“Let your women keep silence in the churches: for it is not permitted unto them to speak; but they are commanded to be under obedience, as also saith the law. And if they will learn any thing, let them ask their husbands at home: for it is a shame for women to speak in the church. What? came the word of God out from you? or came it unto you only? If any man think himself to be a prophet, or spiritual, let him acknowledge that the things that I write unto you are the commandments of the Lord. But if any man be ignorant, let him be ignorant.” —I Cor. 14:34-38.
“Let the woman learn in silence with all subjection. But I suffer not a woman to teach, nor to usurp authority over the man, but to be in silence. For Adam was first formed, then Eve. And Adam was not deceived, but the woman being deceived was in the transgression.” — I Tim. 2:11-14.
In the providence of God I have been placed in the position of spiritual adviser and teacher to this congregation of Christian men and women. I am called by the spirit of God and the suffrages of this people to expound to them the teachings of the sacred Scriptures. My commission requires me to instruct, to exhort, to comfort, and rebuke. This is what God demands, and what yon have a right to expect of me. Occupying this responsible and sacred position, I claim your respectful and devout attention this morning, while I attempt to set before you the teachings of the divine Word upon a subject of vital importance to the order, peace, and welfare of the churches of Jesus Christ.
The question which you have requested me to discuss is, “Do the Scriptures Forbid Women to Speak in Mixed Assemblies?” By mixed assemblies is meant public gatherings composed of men and women.
I feel that I owe to this congregation and community an explanation of my conduct in reference to this important matter. No man is more indebted to Christian women than I. No man in the gospel ministry has been more helped by them. They have understood me better than men, They have never misinterpreted my motives. They have always appreciated the difficulties and embarrassments connected with my work, and have given me their profoundest sympathy in every conflict with error and ungodliness. When the whisky rings and their hirelings sought to destroy me, the Christian women of this land stood by me with dauntless devotion.
Remembering these things, my sympathies have been with the women whenever they have met the opposition of men in any of their undertakings. I have almost assumed that in any conflict between men and women, the women were right.
If through God’s infinite mercy I am ever permitted to see the face of the apostle Paul, I shall feel that I owe him an humble apology for having many times tried to believe, that in some unaccountable way he had made a prodigious mistake, and inflicted upon woman a cruel injustice in forbidding her to speak in the church. My sympathies, my prejudices, and three-fourths of my reading and thinking have been on the woman’s side of this question. But the conflict is over. After a long and painful struggle I have made an unconditional surrender to conscience, and Paul, and the Holy Ghost.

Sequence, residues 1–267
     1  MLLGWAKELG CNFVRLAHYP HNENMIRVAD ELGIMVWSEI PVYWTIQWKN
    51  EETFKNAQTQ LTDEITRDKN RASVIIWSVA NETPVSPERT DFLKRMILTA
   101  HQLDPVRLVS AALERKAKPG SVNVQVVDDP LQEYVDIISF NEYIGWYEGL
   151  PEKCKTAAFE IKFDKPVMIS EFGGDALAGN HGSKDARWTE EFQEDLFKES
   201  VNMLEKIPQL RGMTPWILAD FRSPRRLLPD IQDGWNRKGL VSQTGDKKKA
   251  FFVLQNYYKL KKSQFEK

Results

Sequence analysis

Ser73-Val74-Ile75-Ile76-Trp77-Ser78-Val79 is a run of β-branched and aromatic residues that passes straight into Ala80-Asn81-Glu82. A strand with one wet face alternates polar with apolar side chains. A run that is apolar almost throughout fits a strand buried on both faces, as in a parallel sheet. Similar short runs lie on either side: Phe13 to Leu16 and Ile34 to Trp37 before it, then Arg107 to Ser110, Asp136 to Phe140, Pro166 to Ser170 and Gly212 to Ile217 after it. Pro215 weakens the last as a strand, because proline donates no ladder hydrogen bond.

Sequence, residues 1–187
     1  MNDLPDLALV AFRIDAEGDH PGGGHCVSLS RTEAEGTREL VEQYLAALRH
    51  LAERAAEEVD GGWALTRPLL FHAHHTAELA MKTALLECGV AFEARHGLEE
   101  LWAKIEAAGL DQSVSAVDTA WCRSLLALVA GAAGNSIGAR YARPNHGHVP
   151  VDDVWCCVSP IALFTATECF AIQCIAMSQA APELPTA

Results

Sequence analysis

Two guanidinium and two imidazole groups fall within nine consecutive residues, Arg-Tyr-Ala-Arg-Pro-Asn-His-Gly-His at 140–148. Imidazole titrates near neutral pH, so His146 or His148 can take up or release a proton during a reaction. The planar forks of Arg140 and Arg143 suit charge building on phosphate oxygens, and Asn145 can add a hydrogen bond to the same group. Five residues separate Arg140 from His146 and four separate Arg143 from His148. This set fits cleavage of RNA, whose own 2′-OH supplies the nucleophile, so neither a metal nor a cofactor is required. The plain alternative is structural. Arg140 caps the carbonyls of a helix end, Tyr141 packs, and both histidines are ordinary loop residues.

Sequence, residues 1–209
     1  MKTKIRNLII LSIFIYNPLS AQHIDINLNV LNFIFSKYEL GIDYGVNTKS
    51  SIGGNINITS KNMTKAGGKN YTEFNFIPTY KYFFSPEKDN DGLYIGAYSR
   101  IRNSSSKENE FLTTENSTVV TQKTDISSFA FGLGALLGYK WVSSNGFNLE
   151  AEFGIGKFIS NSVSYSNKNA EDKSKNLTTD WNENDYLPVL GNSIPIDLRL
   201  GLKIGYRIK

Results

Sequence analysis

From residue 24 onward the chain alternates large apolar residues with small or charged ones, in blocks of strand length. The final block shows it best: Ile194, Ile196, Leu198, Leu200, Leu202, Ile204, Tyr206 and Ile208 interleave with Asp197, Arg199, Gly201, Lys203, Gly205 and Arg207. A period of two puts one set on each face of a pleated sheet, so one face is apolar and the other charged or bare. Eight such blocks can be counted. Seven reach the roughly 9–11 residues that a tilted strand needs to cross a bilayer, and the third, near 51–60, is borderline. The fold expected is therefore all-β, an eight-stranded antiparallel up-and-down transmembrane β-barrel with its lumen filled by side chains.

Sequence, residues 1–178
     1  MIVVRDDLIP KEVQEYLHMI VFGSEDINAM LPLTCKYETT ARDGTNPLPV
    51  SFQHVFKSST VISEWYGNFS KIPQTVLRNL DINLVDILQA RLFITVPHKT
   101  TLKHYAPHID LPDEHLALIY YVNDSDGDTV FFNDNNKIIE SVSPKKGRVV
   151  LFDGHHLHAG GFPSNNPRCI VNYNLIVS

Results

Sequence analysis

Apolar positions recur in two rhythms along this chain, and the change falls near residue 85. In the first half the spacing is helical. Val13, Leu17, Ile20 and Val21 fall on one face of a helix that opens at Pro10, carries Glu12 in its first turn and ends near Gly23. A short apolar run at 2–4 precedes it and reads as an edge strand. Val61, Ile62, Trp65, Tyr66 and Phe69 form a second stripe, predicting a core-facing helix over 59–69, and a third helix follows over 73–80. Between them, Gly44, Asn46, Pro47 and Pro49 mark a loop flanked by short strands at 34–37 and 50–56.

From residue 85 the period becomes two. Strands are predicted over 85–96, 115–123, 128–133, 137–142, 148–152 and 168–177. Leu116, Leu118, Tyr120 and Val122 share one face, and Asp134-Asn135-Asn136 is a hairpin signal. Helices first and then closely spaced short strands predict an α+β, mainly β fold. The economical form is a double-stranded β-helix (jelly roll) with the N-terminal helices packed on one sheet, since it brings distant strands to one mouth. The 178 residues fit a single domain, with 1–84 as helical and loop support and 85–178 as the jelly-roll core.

While my convictions of truth compel me to oppose the good women who differ with me on this subject, such is my regard and affection for them that I am utterly incapable of doing them intentional injustice or of wilfully wounding their feelings. I trust that enough of the old spirit of chivalry lingers in my heart to enable me to accord to them all that integrity of purpose which I claim for myself.
What do the Scriptures teach upon this subject? The discussion must be limited to this single question. Your feelings, the opinions of men, and the spirit of the nineteenth century cannot be admitted into this controversy. It is a subject upon which God has spoken, and we cannot array human opinion or human feeling against his truth without aligning ourselves with Robert Ingersoll and his followers.
A distinguished Methodist minister said to me a few days ago: “The Baptists have less government than any denomination of Christians in the world, and yet they are more united than any other Christian people.” After thanking him for the compliment, I told him that the secret of this unity was that no Baptist, on any question, would ever appeal from the Bible. When he finds a “thus saith the Lord” he will stand like Athenasius against the world.
On the question now before us we find in this “Book by inspiration given” a thus saith the Lord. “Let the women keep silence in the churches, for it is not permitted unto them to speak.” By these words Baptists have stood through all the centuries of their existence, and by them they will continue to stand “till time’s last thunder shakes the world.”
It gratifies me to be able to say that Episcopalians, Presbyterians, Methodists and Lutherans, are in the main just as loyal to this command as Baptists.
I will state briefly some of the objections which are urged against the most obvious meaning of Paul’s command.
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